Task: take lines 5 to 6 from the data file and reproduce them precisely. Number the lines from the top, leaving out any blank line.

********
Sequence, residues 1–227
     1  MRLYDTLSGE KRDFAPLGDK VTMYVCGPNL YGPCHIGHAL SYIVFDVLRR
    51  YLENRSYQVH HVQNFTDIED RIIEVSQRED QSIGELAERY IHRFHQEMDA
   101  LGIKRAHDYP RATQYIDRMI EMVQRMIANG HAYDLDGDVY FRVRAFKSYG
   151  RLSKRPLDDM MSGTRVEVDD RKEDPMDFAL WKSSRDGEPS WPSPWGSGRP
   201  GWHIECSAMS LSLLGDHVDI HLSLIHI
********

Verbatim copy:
   151  RLSKRPLDDM MSGTRVEVDD RKEDPMDFAL WKSSRDGEPS WPSPWGSGRP
   201  GWHIECSAMS LSLLGDHVDI HLSLIHI